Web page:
October 23, 2015, Magistrate Judge Jeffrey J. Keyes of the United States District Court for the District of Minnesota determined that the attorney-client privilege and the work-product doctrine shielded from disclosure certain communications with and documents created by a forensic computer consultant. In 2013, Target suffered a data breach. Once it discovered the breach, Target conducted a two-track investigation. On the first track, the company conducted a non-privileged, ordinary course of business investigation. Target retained a team from Verizon Business Network Services Inc. (“PFI Verizon”) to conduct that investigation. On the second track, Target’s in-house and outside counsel (together, “counsel”) retained a separate team from Verizon (“Privileged Verizon”) to investigate the breach and help counsel provide legal advice to Target. Additionally, on the second track, Target formed a Data Breach Task Force (“Task Force”) to coordinate activities performed at counsel’s direction and educate Target’s lawyers about the breach. Target lawyers and non-lawyers were on the Task Force.
The Court’s order resolved a motion to compel filed by plaintiffs that compose a financial institution class (“Plaintiffs”) in the underlying class action lawsuit against Target. Plaintiffs filed the motion because Target refused to produce communications and documents associated with Target’s Task Force and the purported privileged investigation that Privileged Verizon conducted. Target refused to produce those materials because, in its opinion, the materials fell within the protection of the attorney-client privilege, the work-product doctrine, or both. Plaintiffs’ countered that the communications and documents associated with the Task Force and Privileged Verizon’s forensic investigation were created in the ordinary course of business, and such materials cannot be shielded by the attorney-client privilege or the work-product doctrine.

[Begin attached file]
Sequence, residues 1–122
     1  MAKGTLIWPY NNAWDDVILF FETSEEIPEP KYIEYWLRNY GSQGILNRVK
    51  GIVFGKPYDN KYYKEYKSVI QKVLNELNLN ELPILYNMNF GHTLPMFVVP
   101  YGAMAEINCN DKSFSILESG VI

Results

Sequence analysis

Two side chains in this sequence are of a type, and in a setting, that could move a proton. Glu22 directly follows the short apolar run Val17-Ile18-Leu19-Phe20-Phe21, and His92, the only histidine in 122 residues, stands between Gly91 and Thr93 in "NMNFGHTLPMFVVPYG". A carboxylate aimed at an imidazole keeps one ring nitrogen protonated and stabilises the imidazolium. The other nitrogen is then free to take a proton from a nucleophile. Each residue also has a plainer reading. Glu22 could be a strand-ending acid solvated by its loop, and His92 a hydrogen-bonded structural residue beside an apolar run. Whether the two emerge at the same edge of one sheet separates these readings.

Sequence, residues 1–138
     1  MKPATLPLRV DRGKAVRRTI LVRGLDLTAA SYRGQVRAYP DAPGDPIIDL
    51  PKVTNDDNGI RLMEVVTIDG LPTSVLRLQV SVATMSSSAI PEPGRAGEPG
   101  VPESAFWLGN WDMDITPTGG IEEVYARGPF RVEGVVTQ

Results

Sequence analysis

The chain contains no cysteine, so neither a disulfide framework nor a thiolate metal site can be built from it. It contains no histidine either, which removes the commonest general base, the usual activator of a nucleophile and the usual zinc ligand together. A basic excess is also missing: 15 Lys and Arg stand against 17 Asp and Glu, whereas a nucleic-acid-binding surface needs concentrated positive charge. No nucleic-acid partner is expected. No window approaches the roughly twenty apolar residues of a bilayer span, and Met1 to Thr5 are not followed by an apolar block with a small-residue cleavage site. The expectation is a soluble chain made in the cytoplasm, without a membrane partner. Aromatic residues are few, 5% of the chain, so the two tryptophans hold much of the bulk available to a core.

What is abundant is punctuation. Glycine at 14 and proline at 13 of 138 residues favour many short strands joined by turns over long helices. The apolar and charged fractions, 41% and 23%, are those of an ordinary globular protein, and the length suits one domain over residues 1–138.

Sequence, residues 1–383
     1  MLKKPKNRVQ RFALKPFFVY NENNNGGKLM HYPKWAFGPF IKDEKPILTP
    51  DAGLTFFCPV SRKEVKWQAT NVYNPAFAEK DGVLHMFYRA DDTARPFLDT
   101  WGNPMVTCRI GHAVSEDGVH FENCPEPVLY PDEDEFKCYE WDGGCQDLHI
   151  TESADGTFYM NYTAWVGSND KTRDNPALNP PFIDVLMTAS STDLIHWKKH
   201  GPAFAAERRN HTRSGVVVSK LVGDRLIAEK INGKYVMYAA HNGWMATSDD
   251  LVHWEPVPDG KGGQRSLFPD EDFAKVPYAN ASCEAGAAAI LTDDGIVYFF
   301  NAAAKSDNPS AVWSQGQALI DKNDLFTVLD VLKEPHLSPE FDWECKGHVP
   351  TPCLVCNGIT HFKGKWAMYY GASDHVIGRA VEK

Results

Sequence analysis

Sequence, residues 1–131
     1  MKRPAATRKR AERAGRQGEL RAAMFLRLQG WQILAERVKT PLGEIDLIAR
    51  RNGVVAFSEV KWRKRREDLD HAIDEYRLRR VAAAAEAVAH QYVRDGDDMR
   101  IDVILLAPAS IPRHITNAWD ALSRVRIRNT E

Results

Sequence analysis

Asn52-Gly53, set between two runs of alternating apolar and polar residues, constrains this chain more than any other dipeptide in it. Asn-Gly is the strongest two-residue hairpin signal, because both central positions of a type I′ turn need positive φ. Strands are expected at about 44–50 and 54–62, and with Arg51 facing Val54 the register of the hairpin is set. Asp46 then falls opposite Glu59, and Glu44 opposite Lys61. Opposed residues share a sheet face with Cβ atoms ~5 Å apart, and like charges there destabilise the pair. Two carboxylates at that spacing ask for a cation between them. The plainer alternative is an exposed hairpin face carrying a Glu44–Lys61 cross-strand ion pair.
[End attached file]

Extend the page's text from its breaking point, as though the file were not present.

The Court granted in part and denied in part Plaintiffs’ motion to compel. The Court ordered Target to produce e-mails sent by the chief executive officer to the board of directors that “merely update[d] the . . . [board] on what Target’s business-related interests were in response to the breach.” According to the Court, the attorney-client privilege did not protect those communications because they did not (1) “involve any confidential communications between attorney and client,” (2) “contain requests for or discussion necessary to obtain legal advice,” or (3) “include the provision of legal advice.” Additionally, the work-product doctrine did not attach to those e-mails because “[n]one of Target’s declarations demonstrate[d] that th[e] [b]oard of [d]irectors update was provided because of any anticipation of litigation within the meaning of Fed. R. Civ. P. 26(b)(3).” Aside from ordering Target to produce those e-mails, the Court denied the remainder of Plaintiffs’ motion.
The Court denied Plaintiffs’ motion with regard to certain Task Force e-mails. The Court concluded that the attorney-client privilege and the work-product doctrine shielded one set of e-mails because Target had demonstrated that remediating the breach was not the Task Force’s focus. Instead, Target persuaded the Court that the Task Force’s focus was educating Target’s in-house and outside counsel about the breach such that Target’s lawyers would be better equipped to give the company legal advice about pending litigation and anticipated litigation. Additionally, the Court determined that the work-product doctrine shielded another set of documents because Plaintiffs failed to demonstrate that without the materials, they would “have been deprived of any information about how the breach occurred or how Target conducted its non-privileged or work-product protected investigation.” According to the Court, Target had produced various materials, such as forensic computer images, which would allow Plaintiffs to determine how the breach happened and what Target’s response was. The Court’s order, therefore, contributed to the nascent—but growing—body of case law that addresses whether the attorney-client privilege and the work-product doctrine can shield from disclosure communications with and documents created by forensic computer consultants hired by counsel in response to a data breach.
A copy of the Court’s order is available by clicking here.
Reporter, Barrett R. H. Young, Washington, D.C., +1 202 626 2928, email@example.com.